Obama to End Feds Working with Local Cops on Immigration Enforcement

According to a federal law enforcement officer who requested anonymity, Obama’s goal is to limit the use local cops in the detention of illegal aliens arrested for misdemeanors (offenses punishable by jail sentences of between 30-days and 1-year) or violations (offenses punishable by jail sentences of 30-days or less). 

What’s being heralded as President Barack Obama’s Christmas gift to illegal aliens is the latest policy change that will have a negative impact on the effectiveness of U.S. immigration law enforcement.

On Monday, Christmas eve, the U.S. Immigration and Customs Enforcement (ICE) chief, John Morton, promulgated his department’s new guidance for local cops in their detaining of criminal aliens as well as the announcement that ICE agreements with local police and sheriffs’ departments through the so-called “287(g) program” will not be renewed.

According to a federal law enforcement officer who requested anonymity, Obama’s goal is to limit the use local cops in the detention of illegal aliens arrested for misdemeanors (offenses punishable by jail sentences of between 30-days and 1-year) or violations (offenses punishable by jail sentences of 30-days or less).

The ICE 287(g) program trained and permitted local law enforcement agencies to designate officers to perform immigration law enforcement functions. Local cops attended training classes at the Federal Law Enforcement Training Center (FLETC) in Glynco, Georgia.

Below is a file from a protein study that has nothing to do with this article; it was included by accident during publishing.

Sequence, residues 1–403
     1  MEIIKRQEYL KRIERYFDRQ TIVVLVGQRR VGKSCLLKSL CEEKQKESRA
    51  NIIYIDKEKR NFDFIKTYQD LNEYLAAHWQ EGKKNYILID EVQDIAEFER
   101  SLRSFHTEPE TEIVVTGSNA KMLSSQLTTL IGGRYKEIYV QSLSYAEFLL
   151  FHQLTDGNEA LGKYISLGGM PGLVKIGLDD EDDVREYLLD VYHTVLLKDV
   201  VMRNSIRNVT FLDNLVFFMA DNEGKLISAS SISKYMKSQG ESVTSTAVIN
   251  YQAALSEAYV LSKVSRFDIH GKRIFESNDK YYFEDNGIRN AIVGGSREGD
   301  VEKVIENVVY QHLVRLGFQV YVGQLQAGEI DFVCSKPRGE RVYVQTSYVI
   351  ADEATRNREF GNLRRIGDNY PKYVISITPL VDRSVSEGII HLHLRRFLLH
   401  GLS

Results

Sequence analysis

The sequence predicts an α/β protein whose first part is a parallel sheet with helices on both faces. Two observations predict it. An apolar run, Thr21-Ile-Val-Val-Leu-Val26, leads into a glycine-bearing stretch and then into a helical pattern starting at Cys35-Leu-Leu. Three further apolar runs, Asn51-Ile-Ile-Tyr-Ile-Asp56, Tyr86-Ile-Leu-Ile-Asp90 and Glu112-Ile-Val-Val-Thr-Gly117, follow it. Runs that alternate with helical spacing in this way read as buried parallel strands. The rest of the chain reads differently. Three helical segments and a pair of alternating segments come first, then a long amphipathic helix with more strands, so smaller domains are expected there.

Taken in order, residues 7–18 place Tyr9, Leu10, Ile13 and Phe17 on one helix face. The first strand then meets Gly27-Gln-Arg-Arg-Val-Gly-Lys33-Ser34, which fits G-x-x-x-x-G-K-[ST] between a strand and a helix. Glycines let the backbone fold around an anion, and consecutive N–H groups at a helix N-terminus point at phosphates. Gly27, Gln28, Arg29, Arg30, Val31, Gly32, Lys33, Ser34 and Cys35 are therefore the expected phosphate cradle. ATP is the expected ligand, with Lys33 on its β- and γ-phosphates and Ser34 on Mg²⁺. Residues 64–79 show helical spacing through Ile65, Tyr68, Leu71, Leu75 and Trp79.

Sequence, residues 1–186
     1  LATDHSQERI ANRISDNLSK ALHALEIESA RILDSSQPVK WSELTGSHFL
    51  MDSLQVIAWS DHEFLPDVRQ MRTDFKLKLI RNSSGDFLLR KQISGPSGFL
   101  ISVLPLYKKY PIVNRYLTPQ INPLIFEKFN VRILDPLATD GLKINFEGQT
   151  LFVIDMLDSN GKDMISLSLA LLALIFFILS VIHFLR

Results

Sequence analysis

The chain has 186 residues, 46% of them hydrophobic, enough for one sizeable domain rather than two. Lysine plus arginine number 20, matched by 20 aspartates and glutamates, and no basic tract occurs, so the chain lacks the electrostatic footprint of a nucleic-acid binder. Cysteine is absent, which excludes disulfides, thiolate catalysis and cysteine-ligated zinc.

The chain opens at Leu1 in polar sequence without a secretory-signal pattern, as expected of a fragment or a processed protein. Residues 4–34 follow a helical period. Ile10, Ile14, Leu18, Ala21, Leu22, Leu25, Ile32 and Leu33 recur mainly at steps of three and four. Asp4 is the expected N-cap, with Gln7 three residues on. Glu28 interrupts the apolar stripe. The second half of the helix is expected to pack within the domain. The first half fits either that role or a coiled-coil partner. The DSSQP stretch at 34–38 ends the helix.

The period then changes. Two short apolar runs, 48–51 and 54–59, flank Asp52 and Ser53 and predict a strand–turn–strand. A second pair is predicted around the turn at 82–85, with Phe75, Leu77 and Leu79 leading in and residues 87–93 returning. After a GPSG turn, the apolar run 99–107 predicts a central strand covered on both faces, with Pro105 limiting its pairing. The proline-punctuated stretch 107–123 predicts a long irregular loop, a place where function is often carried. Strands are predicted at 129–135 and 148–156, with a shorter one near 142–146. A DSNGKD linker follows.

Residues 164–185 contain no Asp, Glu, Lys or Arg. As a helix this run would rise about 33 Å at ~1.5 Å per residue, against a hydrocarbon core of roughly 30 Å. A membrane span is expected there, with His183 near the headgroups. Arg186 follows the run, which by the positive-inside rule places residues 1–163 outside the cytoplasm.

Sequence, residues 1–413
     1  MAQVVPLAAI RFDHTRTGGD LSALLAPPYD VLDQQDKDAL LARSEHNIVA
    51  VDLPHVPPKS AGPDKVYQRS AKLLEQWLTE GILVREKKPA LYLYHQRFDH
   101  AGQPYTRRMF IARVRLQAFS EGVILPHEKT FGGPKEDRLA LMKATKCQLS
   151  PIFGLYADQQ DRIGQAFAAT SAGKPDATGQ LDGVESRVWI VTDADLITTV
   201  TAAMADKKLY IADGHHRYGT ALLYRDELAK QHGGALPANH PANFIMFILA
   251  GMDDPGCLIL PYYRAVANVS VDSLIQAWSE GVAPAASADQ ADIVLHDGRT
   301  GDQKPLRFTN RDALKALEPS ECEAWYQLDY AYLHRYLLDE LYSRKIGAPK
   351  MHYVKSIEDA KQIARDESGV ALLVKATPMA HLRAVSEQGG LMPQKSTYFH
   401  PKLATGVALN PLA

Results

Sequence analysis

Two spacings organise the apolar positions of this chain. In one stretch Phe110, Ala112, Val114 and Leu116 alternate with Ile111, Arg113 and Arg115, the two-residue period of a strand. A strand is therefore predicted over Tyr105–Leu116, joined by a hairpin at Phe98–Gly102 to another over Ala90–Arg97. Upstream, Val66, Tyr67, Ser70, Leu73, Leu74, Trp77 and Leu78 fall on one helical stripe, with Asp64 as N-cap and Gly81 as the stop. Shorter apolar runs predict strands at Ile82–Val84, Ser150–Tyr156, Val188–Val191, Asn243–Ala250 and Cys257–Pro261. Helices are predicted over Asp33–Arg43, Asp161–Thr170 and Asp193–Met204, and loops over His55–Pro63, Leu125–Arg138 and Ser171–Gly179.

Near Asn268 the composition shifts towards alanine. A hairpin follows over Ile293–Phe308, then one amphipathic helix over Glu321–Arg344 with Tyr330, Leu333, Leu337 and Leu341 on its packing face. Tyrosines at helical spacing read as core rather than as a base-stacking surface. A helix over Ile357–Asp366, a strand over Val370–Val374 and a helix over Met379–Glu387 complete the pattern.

The department says that the administration’s focus is “on removing from the country convicted criminals and other individuals that fall into priority areas for [law] enforcement.”

Director Morton said, “In order to further enhance our ability to focus enforcement efforts on serious offenders, we are changing who ICE will issue detainers against.”

Department of Homeland Security (DHS) Secretary Janet Napolitano has directed Morton and his agents to prioritize their goals and use their resources wisely.

Groups joining together to encourage, what they call, a separation between ICE and local law enforcement includes the Florida Immigrant Coalition, ACLU of Florida, North Carolina Justice Center, Coalicion de Organizaciones Latino Americanas, ACLU of Massachusetts, Massachusetts Immigrant and Refugee Advocacy Coalition, Centro Presente, VA Legal Aid Justice Center, Rights Working Group, Tennessee Immigrant and Refugee Rights Coalition, and the Arab-American Institute. 

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